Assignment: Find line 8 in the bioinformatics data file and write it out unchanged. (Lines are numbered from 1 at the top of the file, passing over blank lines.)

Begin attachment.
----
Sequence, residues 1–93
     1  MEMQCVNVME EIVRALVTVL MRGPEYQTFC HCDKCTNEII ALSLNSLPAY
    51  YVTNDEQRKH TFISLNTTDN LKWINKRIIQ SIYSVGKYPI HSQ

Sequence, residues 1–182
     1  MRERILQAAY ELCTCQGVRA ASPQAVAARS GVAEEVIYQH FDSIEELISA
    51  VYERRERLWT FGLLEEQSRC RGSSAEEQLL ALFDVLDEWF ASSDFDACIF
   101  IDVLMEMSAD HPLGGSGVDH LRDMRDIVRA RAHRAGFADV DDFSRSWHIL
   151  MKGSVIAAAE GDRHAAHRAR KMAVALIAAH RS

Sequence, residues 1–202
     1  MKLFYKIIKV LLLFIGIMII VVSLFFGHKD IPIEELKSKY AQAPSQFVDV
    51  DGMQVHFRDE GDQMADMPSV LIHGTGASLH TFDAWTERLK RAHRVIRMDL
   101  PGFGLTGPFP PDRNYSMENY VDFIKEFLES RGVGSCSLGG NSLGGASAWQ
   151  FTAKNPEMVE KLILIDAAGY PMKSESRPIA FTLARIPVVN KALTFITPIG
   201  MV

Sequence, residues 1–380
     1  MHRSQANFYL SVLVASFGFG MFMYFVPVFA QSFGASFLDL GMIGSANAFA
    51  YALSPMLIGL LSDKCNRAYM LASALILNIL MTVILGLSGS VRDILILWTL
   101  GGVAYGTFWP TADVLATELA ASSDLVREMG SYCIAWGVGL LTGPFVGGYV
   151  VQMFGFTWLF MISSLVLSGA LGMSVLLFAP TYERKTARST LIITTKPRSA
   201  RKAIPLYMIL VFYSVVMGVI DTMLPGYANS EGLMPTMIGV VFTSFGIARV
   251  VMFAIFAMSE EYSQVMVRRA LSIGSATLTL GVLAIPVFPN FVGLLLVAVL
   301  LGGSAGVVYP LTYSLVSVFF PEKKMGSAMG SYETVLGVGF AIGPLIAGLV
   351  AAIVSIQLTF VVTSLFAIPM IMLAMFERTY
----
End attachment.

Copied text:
   151  MKGSVIAAAE GDRHAAHRAR KMAVALIAAH RS